Ted Cruz: 1. Humanity: 0.
That is, sadly, the simplest way I can summarize the latest version of the Senate health care bill, which Republicans unveiled Thursday afternoon. Not much has fundamentally changed about the legislation, which still amounts to a large tax cut financed by shearing away large swaths of the social safety net. But it does represent a big win for the senator from Texas, as it includes a version of his proposal to let insurers sell cut-rate, unregulated coverage as long as they also offer plans that comply with all of Obamacare's mandates.
Cruz, who is attempting to morph from the most hated man in the Senate into a conservative dealmaker, is very pleased with this development. He now supports the bill. His conservative buddy Mike Lee of Utah, who also pressed for the amendment, may get to yes as well, though he's still officially undecided.
There is far less in the legislation to assuage the concerns of moderate Republicans, or for that matter lower-income Americans and middle class cancer patients who might fear for their health coverage. All of the draconian Medicaid cuts? Those are still there. The skimpy tax credits meant to help people buy private coverage? Still meager. The completely bonkers waivers that, as one widely respected health policy expert put it, could feasibly let state lawmakers spend their Obamacare funding on “cocaine and hookers” instead of health care? Still right there in the legislative text.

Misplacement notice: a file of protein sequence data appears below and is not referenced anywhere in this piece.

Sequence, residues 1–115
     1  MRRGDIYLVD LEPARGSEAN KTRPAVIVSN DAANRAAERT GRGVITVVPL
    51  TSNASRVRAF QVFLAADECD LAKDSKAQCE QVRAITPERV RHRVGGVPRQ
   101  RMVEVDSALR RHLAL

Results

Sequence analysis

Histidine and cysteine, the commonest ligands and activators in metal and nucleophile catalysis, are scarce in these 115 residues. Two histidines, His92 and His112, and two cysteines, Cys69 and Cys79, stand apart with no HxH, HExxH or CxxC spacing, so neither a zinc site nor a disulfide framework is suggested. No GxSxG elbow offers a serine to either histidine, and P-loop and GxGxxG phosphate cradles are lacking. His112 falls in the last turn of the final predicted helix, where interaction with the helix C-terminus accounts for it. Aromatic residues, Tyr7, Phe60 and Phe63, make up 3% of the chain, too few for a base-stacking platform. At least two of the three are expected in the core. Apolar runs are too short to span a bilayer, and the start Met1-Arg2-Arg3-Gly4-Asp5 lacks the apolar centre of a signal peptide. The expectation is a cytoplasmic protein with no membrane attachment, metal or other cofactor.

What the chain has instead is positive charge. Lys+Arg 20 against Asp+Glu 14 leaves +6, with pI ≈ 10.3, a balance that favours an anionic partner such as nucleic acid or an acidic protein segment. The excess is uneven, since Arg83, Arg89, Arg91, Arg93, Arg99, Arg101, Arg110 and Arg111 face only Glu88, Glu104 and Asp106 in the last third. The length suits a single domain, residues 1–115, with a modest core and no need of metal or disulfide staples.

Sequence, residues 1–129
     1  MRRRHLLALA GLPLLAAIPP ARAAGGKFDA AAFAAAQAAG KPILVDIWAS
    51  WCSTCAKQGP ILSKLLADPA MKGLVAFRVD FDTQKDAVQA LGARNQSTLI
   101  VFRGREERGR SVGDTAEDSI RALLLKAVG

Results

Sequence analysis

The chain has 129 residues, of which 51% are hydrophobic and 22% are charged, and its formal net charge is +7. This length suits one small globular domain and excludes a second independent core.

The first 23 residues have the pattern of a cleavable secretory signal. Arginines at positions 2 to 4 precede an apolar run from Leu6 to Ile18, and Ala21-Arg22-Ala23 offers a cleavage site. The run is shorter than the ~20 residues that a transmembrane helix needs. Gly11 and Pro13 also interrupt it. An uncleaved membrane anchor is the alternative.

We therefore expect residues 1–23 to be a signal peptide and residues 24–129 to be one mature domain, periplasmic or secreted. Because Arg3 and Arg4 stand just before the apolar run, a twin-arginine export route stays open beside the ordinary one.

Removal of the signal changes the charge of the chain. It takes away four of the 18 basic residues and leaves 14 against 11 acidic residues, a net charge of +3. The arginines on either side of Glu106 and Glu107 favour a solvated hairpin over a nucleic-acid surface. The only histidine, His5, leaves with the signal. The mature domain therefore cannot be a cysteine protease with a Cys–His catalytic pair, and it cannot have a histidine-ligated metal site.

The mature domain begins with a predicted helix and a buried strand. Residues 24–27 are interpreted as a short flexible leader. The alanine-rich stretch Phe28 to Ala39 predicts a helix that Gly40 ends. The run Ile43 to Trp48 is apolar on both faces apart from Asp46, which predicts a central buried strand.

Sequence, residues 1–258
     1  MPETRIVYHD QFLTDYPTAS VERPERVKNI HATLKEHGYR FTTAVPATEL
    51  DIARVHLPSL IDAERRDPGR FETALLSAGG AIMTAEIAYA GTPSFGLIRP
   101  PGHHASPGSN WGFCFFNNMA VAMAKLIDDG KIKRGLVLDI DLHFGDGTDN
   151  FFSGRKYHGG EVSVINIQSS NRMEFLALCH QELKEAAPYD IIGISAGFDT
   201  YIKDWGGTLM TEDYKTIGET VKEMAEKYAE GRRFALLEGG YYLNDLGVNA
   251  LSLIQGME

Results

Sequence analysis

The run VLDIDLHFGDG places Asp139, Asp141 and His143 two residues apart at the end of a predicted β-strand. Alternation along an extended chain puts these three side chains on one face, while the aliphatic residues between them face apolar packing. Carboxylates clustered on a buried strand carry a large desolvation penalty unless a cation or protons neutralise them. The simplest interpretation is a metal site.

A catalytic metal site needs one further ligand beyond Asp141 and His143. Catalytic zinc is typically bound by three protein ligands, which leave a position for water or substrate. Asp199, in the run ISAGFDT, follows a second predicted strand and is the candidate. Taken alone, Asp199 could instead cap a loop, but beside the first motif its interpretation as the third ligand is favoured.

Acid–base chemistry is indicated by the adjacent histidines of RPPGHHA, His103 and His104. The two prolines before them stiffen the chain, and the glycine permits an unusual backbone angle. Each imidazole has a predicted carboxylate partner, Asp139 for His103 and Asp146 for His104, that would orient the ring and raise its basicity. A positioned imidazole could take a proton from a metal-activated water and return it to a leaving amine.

On the other hand, the new bill doesn't include quite as many tax cuts for the wealthy. So it's got that going for it.
The Cruz amendment is an odd piece of legislative maneuvering. Again: Under it, insurers can sell whatever kind of threadbare coverage they want if they also offer health plans that abide by all of the Affordable Care Act's rules, meaning those products would cover the ACA's expansive essential health benefits and couldn't discriminate against customers with pre-existing conditions. It partially achieves the conservative goal of slaying Obamacare's various consumer protections in order to let insurance carriers market cheapo coverage. But it also throws a bone to moderates, since it doesn't entirely abandon sick Americans to the fangs of the free market.
There are some obvious problems with this approach. Young and physically well Americans will likely buy inexpensive, unregulated insurance plans, which will cost them relatively less since they'll be priced based on health and won't have to cover extensive benefits like mental health and maternity care. Many sick individuals, meanwhile, will need to buy Obamacare-compliant plans—which could send the cost of that coverage skyward.
This might not be such a concern for poorer customers, since they'll receive subsidies that cap their premiums as a percentage of their incomes. (For them, it acts like a high-risk pool with unlimited funding, which isn't so terrible.) But Americans who earn too much to qualify for those tax credits—they cut off at 350 percent of the poverty line, or about $71,000 for a family of three today—will get stuck paying full price. So if you're sick and middle-to-upper-middle class and insured on the individual market, you're stuck paying full fare for some very expensive coverage. The Kaiser Family Foundation has estimated that about 1.5 million Americans could end up in that boat.